Income tax Schweiz Einkommenssteuer (Lohnsteuer) Einziehende Stelle Bund, Kantone, Gemeinden Kanada USA Deutschland Österreich Income tax Schweiz Einkommenssteuer (Lohnsteuer) Einziehende Stelle Bund, Kantone, Gemeinden Kanada USA Deutschland Österreich Bund, Provinzen Bund, Staaten Steuerverbund (Gemeinschaftssteuer) Anteil Bund 28. 8 63. 0 81. 5 42. 5 Anteil Gliedstaaten ca. 43 37. 0 18. 5 42. 5 Anteil lokale Ebene ca. 28 15. 0 Steuerföderalis- Bund regelt Steuerföderalis- harmonisiert mus Steuerbasis und mus (Verteil. Progression, schlüssel) über die Höhe entscheiden Provinzen Nach Stalder 1999, eigene Ergänzungen | ©IDHEAP – andreas. [email protected] unil. ch | | 19/03/2018 | Bund 69. 0 16. 5 14. 5 harmonisiert (Verteilschlüssel)

VAT Schweiz Kanada USA Deutschland Österreich Wahrenumsatzsteuer Anteil Bund 100. 0 46. 2 50. VAT Schweiz Kanada USA Deutschland Österreich Wahrenumsatzsteuer Anteil Bund 100. 0 46. 2 50. 0 69. 5 100. 0 48. 0 18. 7 Spezialsteuern Weitere Umsatzsteuern 2. 0 11. 8 Anteil Gliedstaaten Anteil lokale Ebene 53. 8 Verteilung Verteilschlüssel Nach Stalder 1999, eigene Ergänzungen | ©IDHEAP – andreas. [email protected] unil. ch | | 19/03/2018 |

Revenue structure | ©IDHEAP – andreas. ladner@idheap. unil. ch | | 19/03/2018 | Revenue structure | ©IDHEAP – andreas. [email protected] unil. ch | | 19/03/2018 |

Disparities between constituent units § The wealth of constituent units within federation differs greatly, Disparities between constituent units § The wealth of constituent units within federation differs greatly, affecting their ability to raise own-source revenue. § Most federations have provisions for dealing with these differences through transfers. § There is a great variety in the design and the underlying principles for these transfers. | ©IDHEAP – andreas. [email protected] unil. ch | | 19/03/2018 |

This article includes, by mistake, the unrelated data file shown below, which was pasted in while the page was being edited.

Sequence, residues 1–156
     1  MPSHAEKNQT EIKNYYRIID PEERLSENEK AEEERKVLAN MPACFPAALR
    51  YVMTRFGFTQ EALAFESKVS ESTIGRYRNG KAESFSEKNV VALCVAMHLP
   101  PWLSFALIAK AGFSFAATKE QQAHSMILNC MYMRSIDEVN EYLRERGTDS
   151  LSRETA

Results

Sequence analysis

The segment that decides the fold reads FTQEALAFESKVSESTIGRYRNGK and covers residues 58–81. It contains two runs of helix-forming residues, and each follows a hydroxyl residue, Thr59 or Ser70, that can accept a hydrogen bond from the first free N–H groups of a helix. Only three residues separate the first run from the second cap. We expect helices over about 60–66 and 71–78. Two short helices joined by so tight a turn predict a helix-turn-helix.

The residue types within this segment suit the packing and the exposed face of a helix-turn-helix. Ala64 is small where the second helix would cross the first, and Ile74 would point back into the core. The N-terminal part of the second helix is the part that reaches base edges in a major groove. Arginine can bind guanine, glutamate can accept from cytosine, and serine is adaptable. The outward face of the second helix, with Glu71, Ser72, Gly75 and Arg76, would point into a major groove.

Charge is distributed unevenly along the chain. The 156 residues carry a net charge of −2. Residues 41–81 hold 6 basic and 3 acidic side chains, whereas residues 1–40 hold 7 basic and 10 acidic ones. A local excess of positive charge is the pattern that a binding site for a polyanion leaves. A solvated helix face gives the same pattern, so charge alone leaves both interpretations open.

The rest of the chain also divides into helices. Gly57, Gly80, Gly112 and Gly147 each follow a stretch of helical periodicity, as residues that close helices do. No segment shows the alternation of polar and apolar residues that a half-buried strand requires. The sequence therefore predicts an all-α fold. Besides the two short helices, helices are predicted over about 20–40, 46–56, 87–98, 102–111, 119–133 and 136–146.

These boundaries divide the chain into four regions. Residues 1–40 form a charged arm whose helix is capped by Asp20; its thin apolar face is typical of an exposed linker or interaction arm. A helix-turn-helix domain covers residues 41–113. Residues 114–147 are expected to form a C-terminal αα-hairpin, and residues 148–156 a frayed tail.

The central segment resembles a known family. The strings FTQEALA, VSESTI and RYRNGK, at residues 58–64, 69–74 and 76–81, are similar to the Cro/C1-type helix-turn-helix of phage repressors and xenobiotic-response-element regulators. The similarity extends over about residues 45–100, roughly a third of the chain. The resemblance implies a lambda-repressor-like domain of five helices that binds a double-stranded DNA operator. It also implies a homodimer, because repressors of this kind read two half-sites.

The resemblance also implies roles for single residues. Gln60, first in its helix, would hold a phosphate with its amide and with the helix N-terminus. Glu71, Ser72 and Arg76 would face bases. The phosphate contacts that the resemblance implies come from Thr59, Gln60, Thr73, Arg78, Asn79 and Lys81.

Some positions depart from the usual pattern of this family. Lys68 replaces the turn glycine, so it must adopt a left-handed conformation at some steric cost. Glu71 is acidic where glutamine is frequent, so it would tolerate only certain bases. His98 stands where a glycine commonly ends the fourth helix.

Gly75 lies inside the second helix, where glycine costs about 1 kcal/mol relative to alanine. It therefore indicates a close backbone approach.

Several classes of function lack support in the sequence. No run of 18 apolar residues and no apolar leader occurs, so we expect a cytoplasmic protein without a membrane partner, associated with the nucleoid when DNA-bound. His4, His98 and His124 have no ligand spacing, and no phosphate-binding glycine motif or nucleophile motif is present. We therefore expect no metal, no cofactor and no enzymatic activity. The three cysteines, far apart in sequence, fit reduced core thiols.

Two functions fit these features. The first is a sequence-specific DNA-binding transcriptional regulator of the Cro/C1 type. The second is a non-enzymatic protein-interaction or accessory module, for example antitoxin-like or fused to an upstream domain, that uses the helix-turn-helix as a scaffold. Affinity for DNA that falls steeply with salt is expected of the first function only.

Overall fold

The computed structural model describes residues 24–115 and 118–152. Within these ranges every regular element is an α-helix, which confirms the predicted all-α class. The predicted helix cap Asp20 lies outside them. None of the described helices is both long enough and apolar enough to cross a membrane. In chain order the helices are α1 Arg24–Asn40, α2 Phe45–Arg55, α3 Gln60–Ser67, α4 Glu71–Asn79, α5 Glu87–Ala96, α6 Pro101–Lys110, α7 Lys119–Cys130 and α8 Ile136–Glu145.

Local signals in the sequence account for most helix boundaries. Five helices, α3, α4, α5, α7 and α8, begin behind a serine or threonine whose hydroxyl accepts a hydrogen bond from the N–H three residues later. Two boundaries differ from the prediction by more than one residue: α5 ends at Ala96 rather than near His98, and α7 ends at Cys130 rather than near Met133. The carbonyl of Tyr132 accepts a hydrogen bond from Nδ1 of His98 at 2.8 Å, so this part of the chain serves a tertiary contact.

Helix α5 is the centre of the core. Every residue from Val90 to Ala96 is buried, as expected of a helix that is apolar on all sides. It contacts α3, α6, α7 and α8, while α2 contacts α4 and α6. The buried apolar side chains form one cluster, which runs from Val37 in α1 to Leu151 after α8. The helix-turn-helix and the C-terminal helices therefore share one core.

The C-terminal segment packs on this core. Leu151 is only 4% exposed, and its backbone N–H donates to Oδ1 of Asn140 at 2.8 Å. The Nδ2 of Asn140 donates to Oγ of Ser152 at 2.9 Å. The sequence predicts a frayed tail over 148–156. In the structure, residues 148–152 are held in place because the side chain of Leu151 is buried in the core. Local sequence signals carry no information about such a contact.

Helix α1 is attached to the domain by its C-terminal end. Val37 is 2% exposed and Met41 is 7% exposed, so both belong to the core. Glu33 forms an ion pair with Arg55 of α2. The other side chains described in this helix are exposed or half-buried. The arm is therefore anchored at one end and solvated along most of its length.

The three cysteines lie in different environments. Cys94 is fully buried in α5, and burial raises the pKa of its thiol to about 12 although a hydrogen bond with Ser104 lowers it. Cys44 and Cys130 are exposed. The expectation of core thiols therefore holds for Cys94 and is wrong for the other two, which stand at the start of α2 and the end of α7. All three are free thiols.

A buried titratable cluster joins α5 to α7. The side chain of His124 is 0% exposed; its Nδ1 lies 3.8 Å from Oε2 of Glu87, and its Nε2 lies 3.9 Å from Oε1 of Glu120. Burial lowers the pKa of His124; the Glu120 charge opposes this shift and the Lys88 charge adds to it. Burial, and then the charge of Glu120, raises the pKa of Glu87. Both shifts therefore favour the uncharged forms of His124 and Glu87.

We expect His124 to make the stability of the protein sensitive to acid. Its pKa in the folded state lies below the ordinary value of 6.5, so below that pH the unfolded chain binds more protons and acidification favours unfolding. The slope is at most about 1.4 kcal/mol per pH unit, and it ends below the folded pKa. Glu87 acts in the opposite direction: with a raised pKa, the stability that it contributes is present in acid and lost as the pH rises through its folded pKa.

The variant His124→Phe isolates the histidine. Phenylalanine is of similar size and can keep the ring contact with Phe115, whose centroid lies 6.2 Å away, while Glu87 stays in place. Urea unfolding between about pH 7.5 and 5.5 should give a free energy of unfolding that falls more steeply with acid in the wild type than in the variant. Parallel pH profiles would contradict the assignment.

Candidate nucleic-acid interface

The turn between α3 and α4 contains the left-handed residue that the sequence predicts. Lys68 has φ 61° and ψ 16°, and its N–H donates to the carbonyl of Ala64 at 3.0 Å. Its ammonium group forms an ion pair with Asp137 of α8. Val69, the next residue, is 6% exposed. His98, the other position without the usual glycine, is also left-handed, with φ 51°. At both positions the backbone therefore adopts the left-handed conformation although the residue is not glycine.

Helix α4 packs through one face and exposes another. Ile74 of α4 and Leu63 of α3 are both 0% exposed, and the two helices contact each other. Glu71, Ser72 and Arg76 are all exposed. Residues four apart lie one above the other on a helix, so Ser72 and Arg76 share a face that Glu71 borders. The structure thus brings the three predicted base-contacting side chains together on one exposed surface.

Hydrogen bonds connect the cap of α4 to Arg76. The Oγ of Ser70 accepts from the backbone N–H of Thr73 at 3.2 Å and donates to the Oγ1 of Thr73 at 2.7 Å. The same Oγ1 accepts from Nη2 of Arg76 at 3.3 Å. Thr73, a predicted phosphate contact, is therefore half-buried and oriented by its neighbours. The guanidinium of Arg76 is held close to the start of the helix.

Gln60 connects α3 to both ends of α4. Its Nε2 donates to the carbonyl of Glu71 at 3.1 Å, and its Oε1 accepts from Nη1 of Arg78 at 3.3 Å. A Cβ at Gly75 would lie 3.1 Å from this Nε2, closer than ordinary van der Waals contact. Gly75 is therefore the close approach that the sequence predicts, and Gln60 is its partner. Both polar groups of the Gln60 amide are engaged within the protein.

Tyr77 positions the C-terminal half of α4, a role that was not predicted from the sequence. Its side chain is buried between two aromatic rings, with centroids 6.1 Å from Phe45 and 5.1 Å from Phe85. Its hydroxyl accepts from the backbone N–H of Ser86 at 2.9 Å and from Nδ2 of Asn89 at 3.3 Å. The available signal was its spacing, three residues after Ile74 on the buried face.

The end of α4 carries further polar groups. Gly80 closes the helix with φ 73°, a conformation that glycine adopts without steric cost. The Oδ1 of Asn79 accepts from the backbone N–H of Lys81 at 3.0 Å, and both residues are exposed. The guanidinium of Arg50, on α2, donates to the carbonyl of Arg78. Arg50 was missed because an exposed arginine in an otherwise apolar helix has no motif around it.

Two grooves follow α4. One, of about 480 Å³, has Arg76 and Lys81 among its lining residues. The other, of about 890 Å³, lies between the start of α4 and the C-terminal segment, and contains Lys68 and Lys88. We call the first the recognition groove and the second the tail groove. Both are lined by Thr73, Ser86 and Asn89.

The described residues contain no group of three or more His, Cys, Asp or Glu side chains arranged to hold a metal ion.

Different redistribution systems § Usually there are transfers from central government to the constituent Different redistribution systems § Usually there are transfers from central government to the constituent units. In Switzerland Germany there also transfers from richer to poorer constituent units. § What is the aim of the equalization: minimal standards, same level, within a range, super-equalization? § The importance of unconditional transfers in equalization programs varies. § Conditional transfers can also include equalization considerations. § Central government spending (investments) in specific areas can also have a equalizing effect. | ©IDHEAP – andreas. [email protected] unil. ch | | 19/03/2018 |

Vertical Relations In federations the two houses the parliament § are constituted on different Vertical Relations In federations the two houses the parliament § are constituted on different representative principles, with one chamber (usually the upper house) using a formula based on constituent units whereas the system for the lower house is closer to the representation by population § are elected or namend in different ways § can have quite similar or distinct powers | ©IDHEAP – andreas. [email protected] unil. ch | | 19/03/2018 |

Bundesrat (Germany) § Probably the most distinct Upper House § Länder delegates are not Bundesrat (Germany) § Probably the most distinct Upper House § Länder delegates are not elected but named by their governments and officially led by their ministerpresidents § Legislation that affects the Länder must be approved by the Bundesrat | ©IDHEAP – andreas. [email protected] unil. ch | | 19/03/2018 |

Representation in the Upper House § Equal number of members from each full constituent Representation in the Upper House § Equal number of members from each full constituent units: Argentina, Australia, Brazil, Nigeria, Mexico, Russia, South Africa, Switzerland § Unequal number with weight given to population: Austria, Belgium, Canada, Ethiopia, Germany, India | ©IDHEAP – andreas. [email protected] unil. ch | | 19/03/2018 |